4

I've Googled but haven't really found an answer.

  • When does a domain name really expire before someone else can register it?
  • Is this set by the domain registrar?

I've seen someone mention 75, 30, 45 days after the domain expires but nothing official, just wanting to confirm.

Related Question but doesn't answer my question:

Old Source (2005), is this still correct?

3

Usaually when a domain name lapses, your registrar will put it in a hold period for typically 90 days or so (I know it's at least a month or two with GoDaddy) and during that period what they do is they lock the domain so you can repurchase it -- at a premium of course (GoDaddy charges $80 as a recovery fee, vs maybe $10 if you renew on time).

I'm not sure of the logic behind this, such as if ICANN lets registrars hold domains temporarily so customers can renew if their primary billing info expires -- but overall I think the hold period is 90 days before the domain is unlocked and put to market, or in some cases the registrar will keep the domain and resell it on their own domain auction pages.

2

The life cycle of a domain can be a bit complicated. It also differs depending on the domain extension, but here is a basic run down of a typical domain life cycle:

  1. January 1, 2016: You register the domain for 1 year.

  2. November 1, 2016: This is typically when registrars start sending out renewal notices (~60 days from expiration).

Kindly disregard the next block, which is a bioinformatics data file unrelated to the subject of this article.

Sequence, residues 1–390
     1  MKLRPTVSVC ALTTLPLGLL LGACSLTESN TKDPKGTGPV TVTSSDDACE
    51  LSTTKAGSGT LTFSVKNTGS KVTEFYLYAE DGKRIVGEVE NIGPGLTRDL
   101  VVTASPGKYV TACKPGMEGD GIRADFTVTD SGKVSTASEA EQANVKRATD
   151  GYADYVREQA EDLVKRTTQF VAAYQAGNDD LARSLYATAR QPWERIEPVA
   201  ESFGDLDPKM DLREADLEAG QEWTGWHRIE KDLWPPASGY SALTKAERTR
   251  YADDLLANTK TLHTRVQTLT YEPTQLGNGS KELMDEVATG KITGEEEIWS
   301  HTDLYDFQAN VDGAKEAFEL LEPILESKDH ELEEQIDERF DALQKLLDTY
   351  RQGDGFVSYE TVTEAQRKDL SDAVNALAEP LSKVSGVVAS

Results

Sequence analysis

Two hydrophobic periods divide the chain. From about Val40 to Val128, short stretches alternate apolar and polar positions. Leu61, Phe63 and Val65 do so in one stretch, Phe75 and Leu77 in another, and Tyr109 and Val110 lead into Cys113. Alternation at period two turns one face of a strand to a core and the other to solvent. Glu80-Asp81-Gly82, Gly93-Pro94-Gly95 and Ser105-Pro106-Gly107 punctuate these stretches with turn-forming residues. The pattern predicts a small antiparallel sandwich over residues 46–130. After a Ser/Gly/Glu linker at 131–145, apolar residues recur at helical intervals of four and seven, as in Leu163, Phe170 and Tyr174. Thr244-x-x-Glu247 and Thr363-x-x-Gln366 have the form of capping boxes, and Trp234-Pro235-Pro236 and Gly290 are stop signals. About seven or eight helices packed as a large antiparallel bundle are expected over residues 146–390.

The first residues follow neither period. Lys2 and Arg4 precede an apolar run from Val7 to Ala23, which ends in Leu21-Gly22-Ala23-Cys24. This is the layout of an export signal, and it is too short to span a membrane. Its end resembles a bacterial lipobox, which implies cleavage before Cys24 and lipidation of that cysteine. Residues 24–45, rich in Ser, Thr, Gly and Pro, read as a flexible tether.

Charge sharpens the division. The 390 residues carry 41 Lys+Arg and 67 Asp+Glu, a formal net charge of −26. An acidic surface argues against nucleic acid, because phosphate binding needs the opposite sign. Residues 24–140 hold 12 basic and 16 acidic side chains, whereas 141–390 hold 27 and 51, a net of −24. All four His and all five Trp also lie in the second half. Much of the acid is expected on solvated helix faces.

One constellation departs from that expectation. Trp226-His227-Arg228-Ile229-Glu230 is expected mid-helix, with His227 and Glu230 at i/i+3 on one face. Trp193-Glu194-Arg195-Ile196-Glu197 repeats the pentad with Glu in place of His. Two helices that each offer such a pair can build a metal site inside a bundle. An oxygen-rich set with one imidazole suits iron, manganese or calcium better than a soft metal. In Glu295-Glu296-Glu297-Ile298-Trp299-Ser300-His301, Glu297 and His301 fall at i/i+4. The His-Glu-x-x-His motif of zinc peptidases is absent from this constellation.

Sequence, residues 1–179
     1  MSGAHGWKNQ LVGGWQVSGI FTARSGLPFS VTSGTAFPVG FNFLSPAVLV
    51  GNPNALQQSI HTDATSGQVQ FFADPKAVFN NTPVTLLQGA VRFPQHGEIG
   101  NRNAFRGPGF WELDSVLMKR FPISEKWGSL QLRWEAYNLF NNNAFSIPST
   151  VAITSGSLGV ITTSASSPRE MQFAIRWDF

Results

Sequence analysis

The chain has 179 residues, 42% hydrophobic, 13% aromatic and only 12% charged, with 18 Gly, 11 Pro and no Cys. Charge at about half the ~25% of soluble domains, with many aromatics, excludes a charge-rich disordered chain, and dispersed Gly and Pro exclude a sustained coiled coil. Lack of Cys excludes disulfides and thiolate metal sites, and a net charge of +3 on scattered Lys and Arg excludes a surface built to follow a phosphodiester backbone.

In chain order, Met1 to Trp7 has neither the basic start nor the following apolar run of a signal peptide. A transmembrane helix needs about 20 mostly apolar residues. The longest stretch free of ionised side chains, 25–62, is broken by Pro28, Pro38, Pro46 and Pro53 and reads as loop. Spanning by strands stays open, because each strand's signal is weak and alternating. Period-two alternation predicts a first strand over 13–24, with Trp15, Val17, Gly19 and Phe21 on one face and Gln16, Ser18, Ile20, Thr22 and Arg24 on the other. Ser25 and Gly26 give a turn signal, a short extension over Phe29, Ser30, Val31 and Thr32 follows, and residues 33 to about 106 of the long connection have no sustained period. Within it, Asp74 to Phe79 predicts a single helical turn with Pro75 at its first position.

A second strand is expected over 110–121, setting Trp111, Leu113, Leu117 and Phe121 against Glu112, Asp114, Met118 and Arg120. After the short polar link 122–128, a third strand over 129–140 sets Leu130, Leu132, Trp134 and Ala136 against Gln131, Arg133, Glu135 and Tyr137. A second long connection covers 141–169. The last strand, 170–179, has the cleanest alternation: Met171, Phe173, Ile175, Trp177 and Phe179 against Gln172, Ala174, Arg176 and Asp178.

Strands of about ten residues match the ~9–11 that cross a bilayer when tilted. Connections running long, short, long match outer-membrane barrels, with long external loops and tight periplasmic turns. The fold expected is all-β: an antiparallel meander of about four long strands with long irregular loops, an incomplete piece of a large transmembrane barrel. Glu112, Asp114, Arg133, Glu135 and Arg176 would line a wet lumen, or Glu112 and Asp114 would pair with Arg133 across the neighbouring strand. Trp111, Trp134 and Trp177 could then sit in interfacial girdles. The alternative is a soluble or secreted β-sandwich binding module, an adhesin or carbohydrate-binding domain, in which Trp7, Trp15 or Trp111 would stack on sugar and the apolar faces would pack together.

3. January 1, 2017: Your domain expires.

  4. February 9, 2017: 40 days after expiration, your domain is deleted unless you renew it (most domains have a 40 day grace renewal period) or someone purchases it in an expired auction, which many registrars offer.

  5. March 11, 2017: 30 days after the domain is deleted, the "redemption" period ends. During this period, the original owner can still restore their domain (unless it was purchased by someone else in an expired auction). Restoring a domain is typically much more expensive since the domain has already been deleted, but it's the original registrant's last change to get the domain before it's re-released.

  6. March 16, 2017: 5 days after the redemption period ends, the domain is "dropped" from the central registry and can now be registered by anyone. Often dropping domains are caught in what is called a drop catch or backorder. People place orders for domains that are dropping and registrars or other companies try to register them on their behalf as soon as they become available.

It's a bit long, but I hope that helps! We have a bit more info about the life cycle and an infographic here if you're interested: https://www.dynadot.com/community/blog/2012/04/know-the-lifecycle-of-your-domain-registration-expiration-renewal-grace-delete-auction-transfer.html

  • Welcome to the site. This appears to be a high quality answer with a bit of self promotion. Please refrain from further self-promotion without also becoming a regular contributor. – Stephen Ostermiller Sep 30 '16 at 1:14
0

Your question depend on the TLD, which you do not provide.

For most gTLDs, this applies (with one or two exceptions, some TLDs are not on an autorenew cycle) : https://www.icann.org/resources/pages/gtld-lifecycle-2012-02-25-en

For ccTLDs: everything is possible.

protected by Stephen Ostermiller Sep 28 '18 at 13:00

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